Much more than the 'baby blues'

Perinatal depression is more than the 'baby blues' for many rural mums

Life & Style

Increased isolation in rural communities suggests perinatal depression is higher among the farming community, but that isolation should not be a barrier to getting support.

Stephanie Trethewey with her son, Elliot, while pregnant with her daughter, Evie.

Stephanie Trethewey with her son, Elliot, while pregnant with her daughter, Evie.

You will make an amazing parent.

Best thing we ever did was having kids.

It'll be the making of you.

You're lucky to have such a lovely baby.

THEY are all things said to women either before or after they become a mother.

For some women, however, there is a dramatic gulf between the reassurances and the reality.

It's estimated that one in five women and one in 10 men will experience anxiety and/or depression in the perinatal period, according to Perinatal Anxiety and Depression Australia (PANDA).

But the increased isolation in rural communities would suggest that this statistic is higher among the farming community.

In general terms, the perinatal period encompasses both the antenatal (from conception to birth) and postnatal (12 months from birth) periods.

For the co-founder of Tasmanian Agricultural Company, Stephanie Trethewey, having her first baby was isolating and a shock.

Mrs Trethewey and her husband, Sam, had been living in the city, but six months after the birth of their first child, they bought a farm in Tasmania and made the move back to Mr Trethewey's home state.

"Motherhood was just an absolute disaster for me," she said.

Related reading:

"It was a real transformation for me going from being a really career-driven woman to feeling very isolated, being 'just a mum', and then living in a rural area with no connections to friends or family.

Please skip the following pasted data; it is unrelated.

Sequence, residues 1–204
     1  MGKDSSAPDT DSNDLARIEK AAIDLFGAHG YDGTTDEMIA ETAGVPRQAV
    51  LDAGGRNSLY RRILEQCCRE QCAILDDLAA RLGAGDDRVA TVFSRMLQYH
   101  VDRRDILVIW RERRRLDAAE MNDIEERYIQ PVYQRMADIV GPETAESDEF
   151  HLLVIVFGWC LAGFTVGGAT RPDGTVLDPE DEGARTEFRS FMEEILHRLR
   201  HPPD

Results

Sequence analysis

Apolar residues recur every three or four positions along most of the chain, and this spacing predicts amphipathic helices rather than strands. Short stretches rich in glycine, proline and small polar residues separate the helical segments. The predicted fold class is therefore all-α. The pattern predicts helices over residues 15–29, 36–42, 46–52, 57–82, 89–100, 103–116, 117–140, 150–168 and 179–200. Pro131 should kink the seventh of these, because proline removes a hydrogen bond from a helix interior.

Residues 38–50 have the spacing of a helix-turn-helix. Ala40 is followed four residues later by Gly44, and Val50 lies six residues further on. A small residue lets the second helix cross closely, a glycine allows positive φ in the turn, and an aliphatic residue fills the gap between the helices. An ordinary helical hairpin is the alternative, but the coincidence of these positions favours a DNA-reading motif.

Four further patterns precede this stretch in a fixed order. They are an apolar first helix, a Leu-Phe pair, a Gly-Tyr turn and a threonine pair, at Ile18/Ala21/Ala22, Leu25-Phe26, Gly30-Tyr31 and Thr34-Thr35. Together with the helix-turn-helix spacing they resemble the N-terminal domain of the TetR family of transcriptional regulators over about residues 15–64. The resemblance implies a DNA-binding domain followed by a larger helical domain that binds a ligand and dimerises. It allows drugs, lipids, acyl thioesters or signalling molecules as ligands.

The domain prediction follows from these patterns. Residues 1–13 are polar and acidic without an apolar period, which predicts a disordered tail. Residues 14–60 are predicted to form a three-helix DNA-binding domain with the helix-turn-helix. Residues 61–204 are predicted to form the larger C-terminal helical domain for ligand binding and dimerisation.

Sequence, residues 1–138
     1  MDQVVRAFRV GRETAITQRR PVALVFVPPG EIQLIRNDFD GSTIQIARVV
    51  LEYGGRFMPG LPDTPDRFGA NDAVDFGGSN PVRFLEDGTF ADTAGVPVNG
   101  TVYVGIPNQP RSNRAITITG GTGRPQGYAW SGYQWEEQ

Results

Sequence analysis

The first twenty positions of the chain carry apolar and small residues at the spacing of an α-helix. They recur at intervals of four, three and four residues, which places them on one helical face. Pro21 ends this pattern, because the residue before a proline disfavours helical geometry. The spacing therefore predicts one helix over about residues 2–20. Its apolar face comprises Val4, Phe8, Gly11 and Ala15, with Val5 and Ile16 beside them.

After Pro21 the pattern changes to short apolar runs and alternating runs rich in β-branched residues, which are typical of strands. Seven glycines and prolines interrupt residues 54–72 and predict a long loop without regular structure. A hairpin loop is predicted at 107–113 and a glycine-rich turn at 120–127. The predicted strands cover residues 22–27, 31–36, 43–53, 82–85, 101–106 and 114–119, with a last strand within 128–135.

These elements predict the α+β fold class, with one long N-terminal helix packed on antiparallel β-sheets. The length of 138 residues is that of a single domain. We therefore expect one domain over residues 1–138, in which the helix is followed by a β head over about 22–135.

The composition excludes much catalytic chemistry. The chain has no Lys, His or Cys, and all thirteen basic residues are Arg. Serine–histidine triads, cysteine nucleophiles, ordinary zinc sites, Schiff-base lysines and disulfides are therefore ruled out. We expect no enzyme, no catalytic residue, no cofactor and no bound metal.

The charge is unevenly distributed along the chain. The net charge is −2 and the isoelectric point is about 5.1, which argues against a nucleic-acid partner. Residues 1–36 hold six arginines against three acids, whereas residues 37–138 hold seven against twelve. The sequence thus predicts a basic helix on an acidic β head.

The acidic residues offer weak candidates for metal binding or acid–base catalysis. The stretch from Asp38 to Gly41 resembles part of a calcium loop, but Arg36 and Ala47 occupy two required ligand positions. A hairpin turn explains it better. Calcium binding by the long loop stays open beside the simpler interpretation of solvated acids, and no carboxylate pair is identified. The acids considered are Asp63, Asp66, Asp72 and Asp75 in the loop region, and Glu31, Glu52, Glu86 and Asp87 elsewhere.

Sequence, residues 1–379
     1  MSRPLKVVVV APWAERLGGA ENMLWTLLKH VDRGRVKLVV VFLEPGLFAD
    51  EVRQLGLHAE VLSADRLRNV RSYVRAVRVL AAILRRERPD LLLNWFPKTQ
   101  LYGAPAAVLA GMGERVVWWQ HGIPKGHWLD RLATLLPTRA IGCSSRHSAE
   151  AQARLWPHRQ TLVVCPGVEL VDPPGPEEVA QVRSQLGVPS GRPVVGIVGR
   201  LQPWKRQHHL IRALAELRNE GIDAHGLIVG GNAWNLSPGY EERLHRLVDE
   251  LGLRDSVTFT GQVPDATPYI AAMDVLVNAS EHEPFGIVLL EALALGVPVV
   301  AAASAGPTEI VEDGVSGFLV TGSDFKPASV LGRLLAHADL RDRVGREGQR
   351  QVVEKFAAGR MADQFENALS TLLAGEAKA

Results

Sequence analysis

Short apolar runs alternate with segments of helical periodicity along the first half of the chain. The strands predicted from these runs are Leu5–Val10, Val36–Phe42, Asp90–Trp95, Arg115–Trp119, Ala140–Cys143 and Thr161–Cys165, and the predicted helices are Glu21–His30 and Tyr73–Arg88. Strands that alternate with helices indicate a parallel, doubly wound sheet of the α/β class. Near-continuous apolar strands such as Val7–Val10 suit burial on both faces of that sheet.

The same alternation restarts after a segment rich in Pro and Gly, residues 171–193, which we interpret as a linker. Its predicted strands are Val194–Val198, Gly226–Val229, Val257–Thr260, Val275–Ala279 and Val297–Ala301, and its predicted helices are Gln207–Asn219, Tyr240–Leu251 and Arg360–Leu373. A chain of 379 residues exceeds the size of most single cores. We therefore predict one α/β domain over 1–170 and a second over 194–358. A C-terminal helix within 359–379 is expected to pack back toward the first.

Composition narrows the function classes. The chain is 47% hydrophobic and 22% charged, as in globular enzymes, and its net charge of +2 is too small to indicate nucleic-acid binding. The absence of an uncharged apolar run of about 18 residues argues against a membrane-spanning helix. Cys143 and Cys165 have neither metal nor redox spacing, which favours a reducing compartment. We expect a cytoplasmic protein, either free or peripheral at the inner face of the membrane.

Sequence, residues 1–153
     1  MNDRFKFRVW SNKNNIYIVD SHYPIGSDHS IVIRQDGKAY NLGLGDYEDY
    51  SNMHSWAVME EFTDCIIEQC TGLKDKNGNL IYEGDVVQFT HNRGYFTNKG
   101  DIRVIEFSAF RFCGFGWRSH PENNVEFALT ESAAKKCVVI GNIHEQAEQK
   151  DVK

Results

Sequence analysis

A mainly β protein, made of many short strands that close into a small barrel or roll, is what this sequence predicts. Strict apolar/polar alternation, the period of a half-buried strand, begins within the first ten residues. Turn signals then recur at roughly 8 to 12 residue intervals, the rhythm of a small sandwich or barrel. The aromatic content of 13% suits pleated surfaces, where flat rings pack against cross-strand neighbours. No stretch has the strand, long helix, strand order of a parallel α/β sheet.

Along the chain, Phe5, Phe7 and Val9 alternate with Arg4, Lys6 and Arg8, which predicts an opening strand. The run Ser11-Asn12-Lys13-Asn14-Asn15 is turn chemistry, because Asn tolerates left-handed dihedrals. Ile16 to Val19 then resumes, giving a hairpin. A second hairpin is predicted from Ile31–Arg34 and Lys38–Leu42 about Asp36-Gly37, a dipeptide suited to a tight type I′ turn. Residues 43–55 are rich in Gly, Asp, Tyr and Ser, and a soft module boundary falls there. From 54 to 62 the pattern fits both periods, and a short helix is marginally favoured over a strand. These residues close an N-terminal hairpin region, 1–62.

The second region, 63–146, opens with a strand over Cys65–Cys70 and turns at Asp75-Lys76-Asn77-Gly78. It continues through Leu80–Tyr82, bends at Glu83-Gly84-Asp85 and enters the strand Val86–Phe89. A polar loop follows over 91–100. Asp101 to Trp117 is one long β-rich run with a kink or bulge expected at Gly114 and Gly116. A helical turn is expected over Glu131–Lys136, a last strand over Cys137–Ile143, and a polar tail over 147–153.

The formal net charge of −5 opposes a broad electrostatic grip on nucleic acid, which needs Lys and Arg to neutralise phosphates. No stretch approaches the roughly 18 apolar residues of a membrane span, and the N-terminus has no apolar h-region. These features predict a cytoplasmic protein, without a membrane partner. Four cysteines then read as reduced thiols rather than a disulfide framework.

"I didn't find motherhood the best thing to ever happen to me; I think my expectations of motherhood were too high and I think I went into it with rose-tinted glasses.

"To be honest, I think I was pretty disappointed in that first year and I definitely struggled."

Being a "city girl", with a strong reliance on family and friends, the feeling of isolation in Tasmania seemed to bring perinatal depression to the fore.

"I missed my friends, the support from the mothers' group, even not having people nearby was really hard for me," she said.

"And just like many women who run a farming business with their husband, I was home alone a lot while Sam was working on the farm."

But Mrs Trethewey's motherhood struggle became the inspiration for Motherland Australia.

As a former TV reporter, she started the Motherland Australia podcast to fill a gaping hole she felt while she was living in rural Australia. That gaping hole was being able to connect with other mothers.

Already, she has clocked up nearly 100 conversations with rural mums sharing the real, raw and unfiltered story of motherhood.

"I wanted to know that I wasn't alone and that some of the challenges I was facing as a mum were understandable," she said.

"Mums are the backbone of our rural communities and are often the glue that holds everything together.

"Unfortunately, many rural women face crippling isolation and struggle with their own mental health due to their location, or a lack of local services and support.

"It's my hope that by breaking the stigma surrounding motherhood and mental health on the land, we can start to uncover what is really required to create meaningful change for rural mums across Australia and give them the support they desperately need."

Mrs Trethewey said she was also excited about the work organisations such as Gidget Foundation Australia were doing in mental health services via telehealth to allow parents to seek help.